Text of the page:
West Virginia University And Rich Rodriguez

Tom SawyerCorrespondent IMay 30, 2008

I've followed the story of Rich Rodriguez's departure from West Virginia University (WVU) and his contention with the WVU administration over the past few months and have found a few of Rodriguez's claims to be rather interesting...they seem to change over time.

Since the story is already well-documented and available on the Internet, I am not going to revisit the basis of the entire story.  Suffice to say that Rodriguez threatened to leave WVU for a similar job at Alabama in 2006, received an enormous raise in a new contract, but then left the head coaching job at WVU for the same role at the University of Michigan.  Today, he disputes the contract that he signed in August 2007, due to the buyout that is now owed WVU.

Rodriguez's two main points of contention appear to be that he signed the contract under duress and that there existed verbal promises that were never followed through on by the university. He also says the $4 million buyout was excessive and was supposedly to be reduced in half, or eliminated, based again on verbal promises allegedly made by the new university President, Mike Garrison. 

Regarding the contract terms, Rodriguez's counsel discussed the terms of the contract with university officials for approximately nine months.  The terms were agreed to in late 2006, but the contract was not signed until August 2007.

However, while a breach of contract has been voiced by Rodriguez's camp, they have yet to provide specifics of a breach.  Further, the contract stipulated that no other written or verbal terms were considered to be valid as part of the contract and that any disputes should be provided to the university, in writing, for resolution.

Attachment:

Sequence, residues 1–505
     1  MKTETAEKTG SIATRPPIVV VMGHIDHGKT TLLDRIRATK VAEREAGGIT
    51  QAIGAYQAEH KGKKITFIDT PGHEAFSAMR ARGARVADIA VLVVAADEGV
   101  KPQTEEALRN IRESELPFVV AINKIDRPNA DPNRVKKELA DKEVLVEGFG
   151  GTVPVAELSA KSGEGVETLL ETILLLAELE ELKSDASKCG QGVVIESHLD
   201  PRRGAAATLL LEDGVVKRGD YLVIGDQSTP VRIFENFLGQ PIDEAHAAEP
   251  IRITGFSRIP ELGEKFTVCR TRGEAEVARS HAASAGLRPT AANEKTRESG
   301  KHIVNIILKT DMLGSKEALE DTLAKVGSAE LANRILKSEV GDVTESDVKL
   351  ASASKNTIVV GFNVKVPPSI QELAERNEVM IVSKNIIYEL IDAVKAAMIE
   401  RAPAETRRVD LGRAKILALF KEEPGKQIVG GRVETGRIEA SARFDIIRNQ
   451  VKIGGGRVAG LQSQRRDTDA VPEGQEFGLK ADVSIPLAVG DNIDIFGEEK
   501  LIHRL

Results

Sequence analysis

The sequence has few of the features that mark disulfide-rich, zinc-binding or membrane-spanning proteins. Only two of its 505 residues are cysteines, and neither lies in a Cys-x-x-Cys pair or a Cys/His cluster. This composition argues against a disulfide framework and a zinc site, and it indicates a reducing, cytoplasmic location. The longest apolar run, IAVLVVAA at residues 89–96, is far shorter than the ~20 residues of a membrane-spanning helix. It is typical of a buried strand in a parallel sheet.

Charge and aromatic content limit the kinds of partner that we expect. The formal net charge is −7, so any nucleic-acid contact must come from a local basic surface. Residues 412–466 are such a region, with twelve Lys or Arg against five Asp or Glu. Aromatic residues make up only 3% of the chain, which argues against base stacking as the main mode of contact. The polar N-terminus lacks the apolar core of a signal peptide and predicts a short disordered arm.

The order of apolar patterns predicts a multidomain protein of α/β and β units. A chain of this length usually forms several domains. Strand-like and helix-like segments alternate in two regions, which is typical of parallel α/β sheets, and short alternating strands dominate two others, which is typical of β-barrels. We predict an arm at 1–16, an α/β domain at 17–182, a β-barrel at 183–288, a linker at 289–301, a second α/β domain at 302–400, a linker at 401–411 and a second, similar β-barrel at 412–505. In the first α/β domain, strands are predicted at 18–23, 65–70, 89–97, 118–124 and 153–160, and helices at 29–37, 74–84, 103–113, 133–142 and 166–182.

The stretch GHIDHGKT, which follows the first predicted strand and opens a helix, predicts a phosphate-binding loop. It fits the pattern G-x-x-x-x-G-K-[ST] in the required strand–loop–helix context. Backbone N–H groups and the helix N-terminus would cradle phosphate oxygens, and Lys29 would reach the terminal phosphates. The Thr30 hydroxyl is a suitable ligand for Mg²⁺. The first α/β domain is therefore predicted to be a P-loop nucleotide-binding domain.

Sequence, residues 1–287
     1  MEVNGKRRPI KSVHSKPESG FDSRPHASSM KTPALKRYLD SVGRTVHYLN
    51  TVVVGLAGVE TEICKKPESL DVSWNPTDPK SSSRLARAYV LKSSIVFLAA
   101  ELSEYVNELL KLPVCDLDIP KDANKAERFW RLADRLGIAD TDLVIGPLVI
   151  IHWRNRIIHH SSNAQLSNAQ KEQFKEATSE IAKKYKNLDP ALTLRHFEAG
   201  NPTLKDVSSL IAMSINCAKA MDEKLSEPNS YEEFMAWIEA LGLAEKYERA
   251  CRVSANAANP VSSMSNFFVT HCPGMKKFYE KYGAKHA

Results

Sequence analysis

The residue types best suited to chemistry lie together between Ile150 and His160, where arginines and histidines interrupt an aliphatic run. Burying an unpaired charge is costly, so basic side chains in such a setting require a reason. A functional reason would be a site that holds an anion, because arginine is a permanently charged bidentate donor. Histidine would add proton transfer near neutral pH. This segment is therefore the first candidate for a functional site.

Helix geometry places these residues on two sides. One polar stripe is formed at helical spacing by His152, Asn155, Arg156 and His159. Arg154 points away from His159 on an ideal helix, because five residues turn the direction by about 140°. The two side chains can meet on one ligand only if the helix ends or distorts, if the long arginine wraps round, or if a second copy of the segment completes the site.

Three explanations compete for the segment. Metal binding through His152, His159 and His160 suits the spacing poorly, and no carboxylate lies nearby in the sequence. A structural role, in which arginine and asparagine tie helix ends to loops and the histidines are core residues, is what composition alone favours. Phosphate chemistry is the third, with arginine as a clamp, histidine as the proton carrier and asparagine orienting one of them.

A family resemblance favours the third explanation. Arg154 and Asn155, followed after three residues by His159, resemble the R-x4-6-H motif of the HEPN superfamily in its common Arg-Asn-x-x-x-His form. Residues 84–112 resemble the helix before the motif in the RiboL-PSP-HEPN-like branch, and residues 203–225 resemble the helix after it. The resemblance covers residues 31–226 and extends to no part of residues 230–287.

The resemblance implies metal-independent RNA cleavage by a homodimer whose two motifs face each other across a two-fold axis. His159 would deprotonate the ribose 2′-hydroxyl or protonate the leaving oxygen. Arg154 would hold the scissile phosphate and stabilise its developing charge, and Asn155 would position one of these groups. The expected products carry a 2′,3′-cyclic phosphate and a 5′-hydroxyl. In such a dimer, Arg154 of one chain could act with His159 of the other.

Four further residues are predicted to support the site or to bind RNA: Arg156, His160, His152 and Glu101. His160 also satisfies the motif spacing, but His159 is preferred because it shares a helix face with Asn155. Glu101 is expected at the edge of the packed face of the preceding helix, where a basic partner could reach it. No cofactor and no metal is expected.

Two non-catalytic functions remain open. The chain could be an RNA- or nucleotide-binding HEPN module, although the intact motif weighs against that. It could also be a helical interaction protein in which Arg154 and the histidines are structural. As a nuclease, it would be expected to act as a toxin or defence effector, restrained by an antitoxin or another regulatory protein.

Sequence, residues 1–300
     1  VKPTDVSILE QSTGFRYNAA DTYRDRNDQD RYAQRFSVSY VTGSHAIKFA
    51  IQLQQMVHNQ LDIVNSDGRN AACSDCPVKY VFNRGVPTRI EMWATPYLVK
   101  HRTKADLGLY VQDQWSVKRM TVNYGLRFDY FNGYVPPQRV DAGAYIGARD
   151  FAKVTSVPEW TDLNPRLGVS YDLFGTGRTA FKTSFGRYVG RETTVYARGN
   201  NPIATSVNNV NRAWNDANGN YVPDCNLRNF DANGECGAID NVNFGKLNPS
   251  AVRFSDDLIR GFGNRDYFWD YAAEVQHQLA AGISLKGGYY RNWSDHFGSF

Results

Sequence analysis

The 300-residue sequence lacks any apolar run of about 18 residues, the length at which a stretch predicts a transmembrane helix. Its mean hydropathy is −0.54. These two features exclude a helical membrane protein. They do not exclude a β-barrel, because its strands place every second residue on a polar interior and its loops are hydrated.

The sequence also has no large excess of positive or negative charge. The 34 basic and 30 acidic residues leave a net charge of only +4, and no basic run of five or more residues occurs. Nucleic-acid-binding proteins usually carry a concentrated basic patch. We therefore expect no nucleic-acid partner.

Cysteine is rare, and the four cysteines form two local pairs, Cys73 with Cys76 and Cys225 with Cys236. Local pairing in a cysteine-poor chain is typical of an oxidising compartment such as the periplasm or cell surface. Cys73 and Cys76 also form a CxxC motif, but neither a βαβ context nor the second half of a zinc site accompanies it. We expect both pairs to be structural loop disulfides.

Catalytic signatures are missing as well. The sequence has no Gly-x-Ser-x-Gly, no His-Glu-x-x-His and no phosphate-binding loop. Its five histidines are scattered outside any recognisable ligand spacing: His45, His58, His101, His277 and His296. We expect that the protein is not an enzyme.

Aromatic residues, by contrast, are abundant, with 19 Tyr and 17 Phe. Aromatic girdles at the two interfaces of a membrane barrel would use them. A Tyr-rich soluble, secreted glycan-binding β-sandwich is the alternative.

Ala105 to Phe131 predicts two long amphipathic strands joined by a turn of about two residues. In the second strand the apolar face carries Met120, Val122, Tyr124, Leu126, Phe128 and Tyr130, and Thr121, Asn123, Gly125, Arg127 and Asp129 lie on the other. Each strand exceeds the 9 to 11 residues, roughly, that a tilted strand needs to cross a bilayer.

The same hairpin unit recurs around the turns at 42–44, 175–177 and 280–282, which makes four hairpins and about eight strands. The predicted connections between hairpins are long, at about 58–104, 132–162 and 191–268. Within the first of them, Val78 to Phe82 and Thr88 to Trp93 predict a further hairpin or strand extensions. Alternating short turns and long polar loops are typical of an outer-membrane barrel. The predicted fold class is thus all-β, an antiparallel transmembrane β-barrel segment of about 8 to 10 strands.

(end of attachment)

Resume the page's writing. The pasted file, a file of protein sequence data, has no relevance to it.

Not only was there no written notification to the university of dispute, Rodriguez claims that he did not even know of the requirement nor did any of his counsel notify him of such a requirement.  In fact, the university has stated that all of the projects that Rodriguez requested that were contained in the contract were either in-progress or had already been completed by the time he decided to leave for the University of Michigan, with the possible exception of the locker room renovation that had to wait until the end of the 2007 season. 

The Rodriguez team has disclosed some of their points of contention. They included the elimination of the $5 charge for high school coaches to attend games, student-athletes being allowed to sell their textbooks, a subscription web presence, some type of sideline pass for his wife Rita, plastering NASCAR-style advertisements around the football field, and a few other issues that Rodriguez's agent informed the university needed to be done to "remain competitive for Rich's services."

At the time that Rodriguez's team contacted Michigan about the opening, they were still being investigated due to legal and NCAA ramifications.

To the second point, the contention that the buyout would be reduced or eliminated, the promise of the buyout reduction was apparently based on conversations with a yet-to-be-appointed president and the contractual buyout amount was to be reduced by half, or $2 million, if he stayed until August 2008.  So why was Rodriguez so insistent on the buyout being reduced or eliminated sooner than a calendar year?

I can see WVU's reason for including the clause.  The WVU perspective might be to include the buyout to dissuade him from leaving the university in the immediate future...and from the experience to date with Rodriguez's team, maybe there was concern that threats to leave would be used as leverage on an annual basis in the future. 

To some extent, they were apparently correct in that an opportunity at Texas A&M and a potential opportunity at Florida State were brought to their attention by Rodriguez's team, as noted in several articles on the situation.  Regardless, the threat to leave for the Alabama job resulted a significant reaction and effort to keep Rodriguez from leaving to go to a much wealthier program.